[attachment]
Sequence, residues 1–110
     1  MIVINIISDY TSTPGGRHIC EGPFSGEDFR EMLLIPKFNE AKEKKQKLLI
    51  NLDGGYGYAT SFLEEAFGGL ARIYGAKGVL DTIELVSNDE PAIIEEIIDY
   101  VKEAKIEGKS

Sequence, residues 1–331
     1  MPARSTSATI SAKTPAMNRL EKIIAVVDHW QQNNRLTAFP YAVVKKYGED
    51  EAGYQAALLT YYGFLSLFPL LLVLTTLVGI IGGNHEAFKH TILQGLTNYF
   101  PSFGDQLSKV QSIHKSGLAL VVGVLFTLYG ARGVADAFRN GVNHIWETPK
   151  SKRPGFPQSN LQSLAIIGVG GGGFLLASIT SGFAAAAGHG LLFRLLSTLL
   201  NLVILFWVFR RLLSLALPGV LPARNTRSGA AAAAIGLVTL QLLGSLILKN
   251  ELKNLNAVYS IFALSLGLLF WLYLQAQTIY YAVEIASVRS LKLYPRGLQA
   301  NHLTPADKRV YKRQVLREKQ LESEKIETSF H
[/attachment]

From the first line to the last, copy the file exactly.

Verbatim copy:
Sequence, residues 1–110
     1  MIVINIISDY TSTPGGRHIC EGPFSGEDFR EMLLIPKFNE AKEKKQKLLI
    51  NLDGGYGYAT SFLEEAFGGL ARIYGAKGVL DTIELVSNDE PAIIEEIIDY
   101  VKEAKIEGKS

Sequence, residues 1–331
     1  MPARSTSATI SAKTPAMNRL EKIIAVVDHW QQNNRLTAFP YAVVKKYGED
    51  EAGYQAALLT YYGFLSLFPL LLVLTTLVGI IGGNHEAFKH TILQGLTNYF
   101  PSFGDQLSKV QSIHKSGLAL VVGVLFTLYG ARGVADAFRN GVNHIWETPK
   151  SKRPGFPQSN LQSLAIIGVG GGGFLLASIT SGFAAAAGHG LLFRLLSTLL
   201  NLVILFWVFR RLLSLALPGV LPARNTRSGA AAAAIGLVTL QLLGSLILKN
   251  ELKNLNAVYS IFALSLGLLF WLYLQAQTIY YAVEIASVRS LKLYPRGLQA
   301  NHLTPADKRV YKRQVLREKQ LESEKIETSF H